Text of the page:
When a country has a high corruption rate and inefficient bureaucracy, what happens is they usually have a very inefficient tax system, he explains. That, coupled with low foreign investmentthe norm in developing countriesleads to those governments influencing the countrys central bank to create more money or create some other system of deficit financing. That, in turn, leads to galloping inflation rates. And those inflation rates have a direct bearing on the countrys exchange rate.
What it means to the large numbers of poor people living in these countries is relentless and unending poverty.
What happens is that you have to spend a lot of time away from work in order to get a drivers license because you have to stand in line for a long time, Nasir says. Also in these countries, people bribe officials to escape the queue.
Most bureaucrats arent paid well because of the problems in collecting taxes, Nasir says. They begin to engage in corruptiontaking bribesin order to supplement their incomes. This means citizens needing government services have to come up with bribe money to get what they want or need in a timely manner, or lose timeand moneybecause they dont have or arent willing to pay bribes.
Nasirs original career goal, as an undergraduate economics student in Bangladesh, was to work on social and economic problems there. Those plans, now that hes accepted a faculty post at North Carolina Central University, have expanded.
I want to work on general issues like (this one) and apply those issues in third-world countries and developing countries, he says, and eventually be an economic policy adviser for those countries.
Nasir praises Bahmani-Oskooee for his role in helping Nasir identify a dissertation topic, and for his role as adviser.
Hes very meticulous in finding small problems and relating them to economic variables, Nasir says, adding that Bahmani-Oskooee was also instrumental in his decision to come to UWM. Hes one of the most important people in my life. He changed the way I taught and will be doing research. He does that for all his graduate students, especially if his students are hardworking. He likes them and helps them very much.
Nasir is currently working for the International Food Policy Research Institute (IFPRI), DC; his project relates to the government budget in Bangladesh.
Darker road uniforms may lead to more refs crying foul
Refereeing sporting events is not for the faint-heartedor weak-eyed. Referees have to think quickly, move quickly, and react even faster. And if thats not enough, theyve got to be fair when they make a call. Thats not an easy thing to do when deciding on events that, although they happen in a fraction of a second, affect the shape of an entire season.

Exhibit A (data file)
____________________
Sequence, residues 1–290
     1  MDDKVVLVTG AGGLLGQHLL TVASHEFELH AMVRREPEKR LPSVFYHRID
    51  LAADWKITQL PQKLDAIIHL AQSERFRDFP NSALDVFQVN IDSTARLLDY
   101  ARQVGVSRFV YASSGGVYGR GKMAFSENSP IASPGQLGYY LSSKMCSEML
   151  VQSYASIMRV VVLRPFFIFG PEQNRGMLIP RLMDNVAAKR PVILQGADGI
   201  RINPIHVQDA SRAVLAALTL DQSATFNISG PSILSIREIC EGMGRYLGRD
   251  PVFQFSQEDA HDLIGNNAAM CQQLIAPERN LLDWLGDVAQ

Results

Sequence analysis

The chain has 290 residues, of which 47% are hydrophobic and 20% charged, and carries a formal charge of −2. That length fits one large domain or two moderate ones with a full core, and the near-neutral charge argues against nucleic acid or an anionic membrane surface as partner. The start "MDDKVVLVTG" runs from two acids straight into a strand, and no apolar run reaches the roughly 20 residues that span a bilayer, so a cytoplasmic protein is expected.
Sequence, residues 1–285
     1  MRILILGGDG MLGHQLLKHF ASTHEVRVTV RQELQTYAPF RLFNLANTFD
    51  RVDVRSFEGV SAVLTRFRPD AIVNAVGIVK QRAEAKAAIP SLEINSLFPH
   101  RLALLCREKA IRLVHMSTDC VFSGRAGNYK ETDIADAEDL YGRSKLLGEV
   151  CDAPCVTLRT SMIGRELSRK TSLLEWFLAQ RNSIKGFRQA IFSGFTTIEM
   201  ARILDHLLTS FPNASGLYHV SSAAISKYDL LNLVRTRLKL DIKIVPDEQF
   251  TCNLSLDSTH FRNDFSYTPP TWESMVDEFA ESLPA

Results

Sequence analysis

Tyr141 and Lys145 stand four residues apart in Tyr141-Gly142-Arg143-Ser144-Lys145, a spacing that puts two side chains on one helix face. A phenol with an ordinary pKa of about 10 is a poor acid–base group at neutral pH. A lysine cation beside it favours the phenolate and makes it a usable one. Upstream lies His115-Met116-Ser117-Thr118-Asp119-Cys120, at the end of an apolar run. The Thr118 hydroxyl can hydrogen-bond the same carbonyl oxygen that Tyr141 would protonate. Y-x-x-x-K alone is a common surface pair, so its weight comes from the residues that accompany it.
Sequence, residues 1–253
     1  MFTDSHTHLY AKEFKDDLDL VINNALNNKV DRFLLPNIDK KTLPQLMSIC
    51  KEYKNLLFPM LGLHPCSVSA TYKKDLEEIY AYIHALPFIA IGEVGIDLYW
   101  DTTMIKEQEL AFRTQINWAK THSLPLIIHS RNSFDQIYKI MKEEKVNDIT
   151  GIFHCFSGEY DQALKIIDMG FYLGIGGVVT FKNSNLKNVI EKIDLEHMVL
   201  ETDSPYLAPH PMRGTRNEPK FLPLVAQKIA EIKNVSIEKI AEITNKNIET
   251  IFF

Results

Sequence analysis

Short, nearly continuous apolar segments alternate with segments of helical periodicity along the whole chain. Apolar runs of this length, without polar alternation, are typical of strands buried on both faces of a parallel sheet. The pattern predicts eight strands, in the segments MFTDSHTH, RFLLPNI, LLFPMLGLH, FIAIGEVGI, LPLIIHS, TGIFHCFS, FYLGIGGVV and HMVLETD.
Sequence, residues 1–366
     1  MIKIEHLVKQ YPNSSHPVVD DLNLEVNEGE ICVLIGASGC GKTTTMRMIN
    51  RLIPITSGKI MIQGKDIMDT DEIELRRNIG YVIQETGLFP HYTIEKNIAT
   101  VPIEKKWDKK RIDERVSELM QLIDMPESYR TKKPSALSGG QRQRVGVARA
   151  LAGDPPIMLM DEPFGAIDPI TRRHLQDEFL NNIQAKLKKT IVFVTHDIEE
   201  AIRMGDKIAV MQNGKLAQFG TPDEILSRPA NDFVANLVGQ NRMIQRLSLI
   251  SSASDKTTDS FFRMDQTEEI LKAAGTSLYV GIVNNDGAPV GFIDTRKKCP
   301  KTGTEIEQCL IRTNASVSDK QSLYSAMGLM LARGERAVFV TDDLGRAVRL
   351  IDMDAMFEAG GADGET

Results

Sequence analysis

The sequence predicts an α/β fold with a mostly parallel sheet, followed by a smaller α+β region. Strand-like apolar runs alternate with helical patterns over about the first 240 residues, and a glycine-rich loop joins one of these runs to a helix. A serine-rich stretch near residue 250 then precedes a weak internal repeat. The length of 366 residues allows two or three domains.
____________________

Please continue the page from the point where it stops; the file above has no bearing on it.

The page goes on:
Thats why longtime sports fan Mark McGrath chose to focus his masters thesis in communication on whether the color of a teams jersey influenced the number of negative calls by referees. Although McGrath focused his study on college basketball teams, the idea for the paper came to him while watching another sportfootball.
Watching teams like the Oakland Raiders, who wore black, and the Atlanta Falcons, who wore black, recalls McGrath of his early days as a spectator, (I noticed that) these teams were called for many more penalties than other teams, and I thought to myself, this could be because of the colors they wore.
McGrath took his idea to his adviser, Professor Mike Allen. When Allen validated McGraths contentionthat the issue was definitely one of non-verbal interpersonal communicationMcGrath began to search out the best way to test his hypothesis.
Could the colors worn by visiting opponents influence the outcome of UWM Panthers home games? Maybe, says recent master's graduate Mark McGrath.
Looking at prior research on the topic, McGrath quickly learned that the correlation between football calls and jersey color had been studied a lot, but the same could not be said for basketball.
McGrath then selected 21 college basketball teams, and tallied the number of personal fouls each got during home and away games in the 1999-2000 season. He and Allen selected the teams based on the color jerseys they wore on the road.
In college basketball, every team wears white or yellow jerseys at home, but they wear all different colors on the road, McGrath explains.
McGrath then compared the number of fouls per home game to the number per away game for each team, the win-loss record of each team and its opponent.
This was crucial, says McGrath, because he wanted to separate the jersey color-related calls from those due to inferior playing by a team that just happened to be wearing dark jerseys. McGrath also factored in the win-loss records of each team for the 1998-99 season, just to take it an extra step.
His findings supported what hed noticed anecdotally for years.
In general, they got called for more fouls than teams that wore lighter-colored jerseys on the road, he says.
McGrath, who plans to return to school for a Ph.D. in communication after getting a few years of work experience under his belt, hasnt sent his findings to any of the teams he studied. But, he says, coaches and players arent the people he most wants to read his thesis.
Id really like to make the referees aware of this, he says, because maybe there would be more objective officiating if they were aware of the bias.